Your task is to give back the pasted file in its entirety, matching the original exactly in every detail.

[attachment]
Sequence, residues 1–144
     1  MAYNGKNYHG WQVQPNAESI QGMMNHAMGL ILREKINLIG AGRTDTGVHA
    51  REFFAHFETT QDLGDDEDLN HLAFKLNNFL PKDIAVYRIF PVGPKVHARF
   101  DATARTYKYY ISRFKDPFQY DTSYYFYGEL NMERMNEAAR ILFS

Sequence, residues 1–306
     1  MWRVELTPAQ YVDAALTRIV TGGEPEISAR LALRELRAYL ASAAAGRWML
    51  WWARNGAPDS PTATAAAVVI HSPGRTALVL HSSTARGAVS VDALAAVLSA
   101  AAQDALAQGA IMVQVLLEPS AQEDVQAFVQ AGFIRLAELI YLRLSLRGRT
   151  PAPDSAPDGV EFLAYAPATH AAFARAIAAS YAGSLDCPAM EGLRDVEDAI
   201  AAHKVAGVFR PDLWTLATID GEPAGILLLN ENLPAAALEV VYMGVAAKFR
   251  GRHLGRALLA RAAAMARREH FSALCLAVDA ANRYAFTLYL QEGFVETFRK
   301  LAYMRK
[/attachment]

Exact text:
Sequence, residues 1–144
     1  MAYNGKNYHG WQVQPNAESI QGMMNHAMGL ILREKINLIG AGRTDTGVHA
    51  REFFAHFETT QDLGDDEDLN HLAFKLNNFL PKDIAVYRIF PVGPKVHARF
   101  DATARTYKYY ISRFKDPFQY DTSYYFYGEL NMERMNEAAR ILFS

Sequence, residues 1–306
     1  MWRVELTPAQ YVDAALTRIV TGGEPEISAR LALRELRAYL ASAAAGRWML
    51  WWARNGAPDS PTATAAAVVI HSPGRTALVL HSSTARGAVS VDALAAVLSA
   101  AAQDALAQGA IMVQVLLEPS AQEDVQAFVQ AGFIRLAELI YLRLSLRGRT
   151  PAPDSAPDGV EFLAYAPATH AAFARAIAAS YAGSLDCPAM EGLRDVEDAI
   201  AAHKVAGVFR PDLWTLATID GEPAGILLLN ENLPAAALEV VYMGVAAKFR
   251  GRHLGRALLA RAAAMARREH FSALCLAVDA ANRYAFTLYL QEGFVETFRK
   301  LAYMRK